DOE/US Department of Energy
Source:Eurekalert

Related biology news :

1. Drugs used to overcome cancer may also combat antibiotic resistance: McMaster researchers
2. Researchers develop new method of cleaning toxins from the oilsands
3. Researchers discover a way to significantly reduce the production costs of fuel cells
4. San Diego Zoo researchers contribute to project using mummy DNA to differentiate croc species
5. Researchers create living neon signs composed of millions of glowing bacteria
6. Georgetown researchers lead discovery expected to significantly change biomedical research
7. 4 UC Riverside researchers receive national recognition
8. Researchers assess effects of a world awash in nitrogen
9. Researchers explain what makes granular material become solid
10. London researchers lead innovative new cancer treatment study
11. Antioxidant has potential in the Alzheimers fight, UGA researchers find
Post Your Comments:
*Name:
*Comment:
*Email:
(Date:1/11/2017)... MOINES, Iowa , Jan. 11, 2017 ... industry first with the release of its patent-pending calibration ... quickly and reliably perform calibrations, securely upload data logs ... flexibility for the customer. "Fighting drunk driving ... only for the public at large, but also for ...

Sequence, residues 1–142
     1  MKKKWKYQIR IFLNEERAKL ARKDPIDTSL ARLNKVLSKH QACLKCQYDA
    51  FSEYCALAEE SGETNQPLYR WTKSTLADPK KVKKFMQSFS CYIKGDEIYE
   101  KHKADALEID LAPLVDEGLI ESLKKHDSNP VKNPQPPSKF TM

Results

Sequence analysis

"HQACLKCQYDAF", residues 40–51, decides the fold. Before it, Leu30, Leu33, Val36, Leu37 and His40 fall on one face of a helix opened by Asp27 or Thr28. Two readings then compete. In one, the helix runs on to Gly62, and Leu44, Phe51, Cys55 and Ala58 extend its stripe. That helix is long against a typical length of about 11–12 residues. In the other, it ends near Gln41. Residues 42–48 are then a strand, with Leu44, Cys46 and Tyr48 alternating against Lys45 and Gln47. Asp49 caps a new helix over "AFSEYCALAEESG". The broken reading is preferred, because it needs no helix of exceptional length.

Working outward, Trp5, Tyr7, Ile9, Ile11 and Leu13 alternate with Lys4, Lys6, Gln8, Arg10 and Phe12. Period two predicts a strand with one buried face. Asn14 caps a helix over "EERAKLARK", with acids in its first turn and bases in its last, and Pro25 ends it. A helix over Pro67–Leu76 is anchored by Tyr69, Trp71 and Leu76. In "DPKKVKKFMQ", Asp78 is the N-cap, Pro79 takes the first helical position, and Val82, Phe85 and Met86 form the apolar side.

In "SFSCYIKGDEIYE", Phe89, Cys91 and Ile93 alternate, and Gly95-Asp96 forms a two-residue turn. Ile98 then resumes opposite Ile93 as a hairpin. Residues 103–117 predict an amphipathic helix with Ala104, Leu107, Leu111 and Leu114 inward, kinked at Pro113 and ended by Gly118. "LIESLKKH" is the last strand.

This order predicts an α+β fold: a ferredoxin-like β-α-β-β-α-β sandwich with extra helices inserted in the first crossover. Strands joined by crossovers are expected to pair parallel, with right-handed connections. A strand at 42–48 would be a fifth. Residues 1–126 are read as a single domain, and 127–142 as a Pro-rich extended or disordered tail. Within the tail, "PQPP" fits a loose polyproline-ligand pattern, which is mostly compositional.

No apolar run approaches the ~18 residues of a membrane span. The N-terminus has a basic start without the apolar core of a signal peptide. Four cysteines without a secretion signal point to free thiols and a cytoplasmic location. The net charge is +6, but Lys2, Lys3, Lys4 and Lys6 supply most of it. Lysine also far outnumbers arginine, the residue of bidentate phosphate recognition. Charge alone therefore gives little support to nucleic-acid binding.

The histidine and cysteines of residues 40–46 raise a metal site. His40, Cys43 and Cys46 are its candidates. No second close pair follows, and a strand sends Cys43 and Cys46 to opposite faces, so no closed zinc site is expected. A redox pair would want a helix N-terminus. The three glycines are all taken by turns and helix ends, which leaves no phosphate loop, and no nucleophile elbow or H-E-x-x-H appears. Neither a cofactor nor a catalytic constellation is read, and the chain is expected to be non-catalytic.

(Date:1/6/2017)... 2017  SomaLogic announced today that it has ... by iCarbonX, the China -based ... Digital Health Ecosystem that can define each person,s ... biological, behavioral and psychological data, the Internet and ... SomaLogic will provide proteomics data and applications expertise ...
(Date:1/4/2017)... VEGAS , Jan. 4, 2017  CES ... performance biometric sensor technology, today announced the launch ... sensor systems, the highly-accurate biometric sensor modules ... biometric technology, experience and expertise. The two ... Benchmark designed specifically for hearables, and Benchmark BW2.0, ...
Breaking Biology News(10 mins):
(Date:1/21/2017)...   Boston Biomedical , an industry leader in ... stemness pathways, today presented data from two clinical studies ... American Society of Clinical Oncology (ASCO) Gastrointestinal Cancers Symposium ... In a Phase Ib/II study of napabucasin – ... stemness pathways by targeting STAT3 – colorectal cancer (CRC) ...
(Date:1/20/2017)... Stock-Callers.com explores the Biotech industry ... most recent performances of select equities. In this morning,s ... ), Abeona Therapeutics Inc. (NASDAQ: ABEO ), ... Sage Therapeutics Inc. (NASDAQ: SAGE ). According ... global Biotech market size is expected to reach $604.40 billion by 2020 due ...
(Date:1/20/2017)... NEW YORK , January 20, 2017 ... Health Organization, cancer is one of leading causes of ... in 2012. Although the number of cancer related deaths ... since 1990. Rising in incidence rate of various cancers ... According to a research report by Global Market Insights, ...
(Date:1/19/2017)... Research and Markets has announced the addition of the ... Global Opportunity Analysis and Industry Forecast, 2014-2022" report to their ... Cancer ... reach $15,737 million by 2022 from $6,521 in 2015, growing at ... Omic technologies segment accounted for more than half of the revenue ...
Breaking Biology Technology: